What have you done today to lower your impact?

We are washing away the foundations of our existence on every front. It is high time we move from crashing about on the planet like a bull in china shop and find a way to go forward with intent. We must find systems of living based on sustainability. The systems and tools exist, it is up to each of us to adopt them.

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Thursday, 7 May 2009

Eat cheaply, eat nutritiously and sustainably.

It has long mystified me that those with limited income to spend on food choose to spend it on junk food; soda's, processed foods, anything with high fructose corn syrup in it, white breads, and fast food. You would think investing in nutrition; fresh, seasonal, and organic food, makes more sense. You can purchase and eat less because the food you eat is so much more nutritious. The paradox is that the poor in America tend towards obesity and have high rates of diabetes due to these food choices. I believe this behaviour is down to intentionally deceptive media and poor nutrition education. Here is a story over at Organic Consumers Association about a couple that tried to exist on the government food stamp minimum while eating only SOLE food; that's sustainable, organic, local, or ethical food.

"Siobhan Phillips proves that eating sustainably and ethically can be done on a budget - even on a seriously limited budget. She and her husband embarked on an experiment to eat only SOLE foods - sustainable, organic, local or ethical foods - "on the government-defined, food-stamp minimum: $248 for two people in our hometown of New Haven, Conn." Even more courageously, the two started this experiment with bare cupboards!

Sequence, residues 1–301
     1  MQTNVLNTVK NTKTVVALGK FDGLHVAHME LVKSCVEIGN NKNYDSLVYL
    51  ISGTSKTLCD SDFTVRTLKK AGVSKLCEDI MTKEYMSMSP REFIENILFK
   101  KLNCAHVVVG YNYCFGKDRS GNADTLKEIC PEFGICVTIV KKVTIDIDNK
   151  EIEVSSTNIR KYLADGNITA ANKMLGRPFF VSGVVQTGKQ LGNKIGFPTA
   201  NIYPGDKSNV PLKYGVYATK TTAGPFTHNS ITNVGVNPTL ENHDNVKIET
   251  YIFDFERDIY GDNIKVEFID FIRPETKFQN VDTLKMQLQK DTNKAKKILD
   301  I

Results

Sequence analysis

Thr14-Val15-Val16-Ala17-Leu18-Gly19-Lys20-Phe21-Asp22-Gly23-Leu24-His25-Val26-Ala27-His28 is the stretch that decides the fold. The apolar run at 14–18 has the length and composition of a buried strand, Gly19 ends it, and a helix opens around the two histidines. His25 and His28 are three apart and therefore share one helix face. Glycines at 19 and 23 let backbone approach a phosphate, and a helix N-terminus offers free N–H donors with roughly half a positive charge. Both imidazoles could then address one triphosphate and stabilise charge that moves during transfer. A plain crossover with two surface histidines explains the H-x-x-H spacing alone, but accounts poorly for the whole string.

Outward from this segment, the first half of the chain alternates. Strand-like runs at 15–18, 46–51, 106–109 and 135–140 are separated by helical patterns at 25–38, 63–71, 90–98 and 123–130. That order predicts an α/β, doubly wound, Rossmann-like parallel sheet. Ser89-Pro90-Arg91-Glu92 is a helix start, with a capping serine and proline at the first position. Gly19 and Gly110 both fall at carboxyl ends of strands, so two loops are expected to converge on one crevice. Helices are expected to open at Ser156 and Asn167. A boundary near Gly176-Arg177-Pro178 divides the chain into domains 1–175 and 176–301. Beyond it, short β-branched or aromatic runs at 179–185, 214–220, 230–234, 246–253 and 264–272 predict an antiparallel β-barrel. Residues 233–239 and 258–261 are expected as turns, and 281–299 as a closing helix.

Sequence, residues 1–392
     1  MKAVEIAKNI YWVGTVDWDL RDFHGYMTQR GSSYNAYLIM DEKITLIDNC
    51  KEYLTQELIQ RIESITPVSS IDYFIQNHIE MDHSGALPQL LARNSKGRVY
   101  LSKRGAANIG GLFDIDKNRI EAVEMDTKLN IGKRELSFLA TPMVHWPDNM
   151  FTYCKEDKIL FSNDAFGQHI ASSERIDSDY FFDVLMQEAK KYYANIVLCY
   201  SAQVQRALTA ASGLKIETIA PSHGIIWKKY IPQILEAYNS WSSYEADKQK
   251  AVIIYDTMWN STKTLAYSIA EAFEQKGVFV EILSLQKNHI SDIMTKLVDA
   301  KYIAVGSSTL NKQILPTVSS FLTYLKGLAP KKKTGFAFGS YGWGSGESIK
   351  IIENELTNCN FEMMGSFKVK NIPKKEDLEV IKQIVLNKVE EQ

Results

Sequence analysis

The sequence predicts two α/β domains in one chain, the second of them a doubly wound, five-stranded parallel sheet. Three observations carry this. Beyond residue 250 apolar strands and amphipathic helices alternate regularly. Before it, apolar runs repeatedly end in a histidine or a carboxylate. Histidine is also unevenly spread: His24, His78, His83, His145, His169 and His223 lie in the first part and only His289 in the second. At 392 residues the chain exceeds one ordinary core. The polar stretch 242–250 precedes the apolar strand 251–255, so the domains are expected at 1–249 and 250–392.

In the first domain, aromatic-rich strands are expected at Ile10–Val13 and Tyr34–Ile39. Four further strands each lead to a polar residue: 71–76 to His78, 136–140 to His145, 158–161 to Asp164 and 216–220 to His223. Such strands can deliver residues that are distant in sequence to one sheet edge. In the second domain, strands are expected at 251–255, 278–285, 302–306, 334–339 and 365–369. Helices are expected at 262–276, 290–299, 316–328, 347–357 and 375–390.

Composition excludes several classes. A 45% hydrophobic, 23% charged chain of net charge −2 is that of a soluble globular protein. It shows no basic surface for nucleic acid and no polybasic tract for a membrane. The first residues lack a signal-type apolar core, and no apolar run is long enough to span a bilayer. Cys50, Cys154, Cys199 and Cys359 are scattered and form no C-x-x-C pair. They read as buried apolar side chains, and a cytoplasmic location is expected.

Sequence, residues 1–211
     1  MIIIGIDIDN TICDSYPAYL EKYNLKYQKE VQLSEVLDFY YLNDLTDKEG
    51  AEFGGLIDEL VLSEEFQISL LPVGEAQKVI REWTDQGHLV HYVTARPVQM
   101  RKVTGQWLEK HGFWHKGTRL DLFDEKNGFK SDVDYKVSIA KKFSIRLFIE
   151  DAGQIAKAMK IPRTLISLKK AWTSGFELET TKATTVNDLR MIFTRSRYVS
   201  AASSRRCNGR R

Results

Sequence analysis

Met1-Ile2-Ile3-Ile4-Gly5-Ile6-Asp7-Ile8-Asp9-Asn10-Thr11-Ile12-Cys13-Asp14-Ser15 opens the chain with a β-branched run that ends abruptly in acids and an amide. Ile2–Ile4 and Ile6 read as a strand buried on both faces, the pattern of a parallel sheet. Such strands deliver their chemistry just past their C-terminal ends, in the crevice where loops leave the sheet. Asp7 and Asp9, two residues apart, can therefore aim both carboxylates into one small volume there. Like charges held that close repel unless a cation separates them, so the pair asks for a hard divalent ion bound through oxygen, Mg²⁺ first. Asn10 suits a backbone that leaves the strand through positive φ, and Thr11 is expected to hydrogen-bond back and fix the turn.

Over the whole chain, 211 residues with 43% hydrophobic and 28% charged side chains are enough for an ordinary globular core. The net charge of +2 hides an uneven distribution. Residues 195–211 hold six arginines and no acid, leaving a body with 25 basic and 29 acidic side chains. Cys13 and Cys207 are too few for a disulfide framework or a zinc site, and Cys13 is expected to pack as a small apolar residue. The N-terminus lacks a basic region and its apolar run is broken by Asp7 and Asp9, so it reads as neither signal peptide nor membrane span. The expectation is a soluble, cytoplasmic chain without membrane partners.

No, Siobhan didn't go on an all-vegetarian diet - though she did have to pass on the grass-fed steak. "Instead, I bought a small free-range chicken for about $9 and a scant pound of local ground beef for about $6, knowing that this, along with some sustainable canned fish, was our allotment of animal flesh for four weeks." That meant she really, really had to stretch the chicken, not only using up every piece of meat but also saving the fat and boiling the bones for broth.

But by buying dry beans in bulk, baking her own basic bread, and discovering thrifty cookbooks and international cuisine, Siobhan got to have her Chinese fried rice and Italian risotto and spicy biryani and eat them too. She says it didn't take much more time than usual - and she didn't have to give up her morning cup of organic fair trade coffee or fair trade cocoa desserts either.

Siobhan says her method won't work for everyone: "I relied on the sort of reasonably flexible schedule that is a luxury in far too many households, and I started with some basic cooking knowledge." But they sure sound like they'd work for me - and many other MNN readers. Read her article for more details on her frugal and tasty ethical eating - which she says she plans to stick to - save for the occasional pepperoni pizza."


Kate@LivingTheFrugalLife said...

I find that budget for that diet totally believable. Eliminating waste - ANY waste - is about half the battle when it comes to budgeting for food. So of course you'd use the chicken for at least three different dishes, strip every shred of meat off the carcass, render the fat, make stock from the bones, and add the crispy skin to mashed potatoes or a soup. Most of the rest is just knowing how to cook and bake. What little effort is left after that is just careful planning.

Nonetheless, I applaud her for documenting the effort and her success.

C Robb said...

I agree. Half the battle our wasteful society faces is rediscovering sensible frugality. Thanks for the comment.